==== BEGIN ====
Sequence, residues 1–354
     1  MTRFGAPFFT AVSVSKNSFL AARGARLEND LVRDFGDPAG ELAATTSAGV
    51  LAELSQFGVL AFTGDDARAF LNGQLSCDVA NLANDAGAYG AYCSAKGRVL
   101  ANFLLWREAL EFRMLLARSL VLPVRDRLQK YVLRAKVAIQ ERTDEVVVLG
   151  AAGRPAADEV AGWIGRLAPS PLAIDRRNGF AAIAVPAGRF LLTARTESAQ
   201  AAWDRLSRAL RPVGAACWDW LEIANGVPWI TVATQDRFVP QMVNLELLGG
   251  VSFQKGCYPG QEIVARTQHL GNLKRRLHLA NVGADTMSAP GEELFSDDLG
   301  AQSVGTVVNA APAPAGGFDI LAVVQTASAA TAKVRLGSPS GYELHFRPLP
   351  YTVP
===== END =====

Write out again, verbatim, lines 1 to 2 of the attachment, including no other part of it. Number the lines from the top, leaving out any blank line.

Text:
Sequence, residues 1–354
     1  MTRFGAPFFT AVSVSKNSFL AARGARLEND LVRDFGDPAG ELAATTSAGV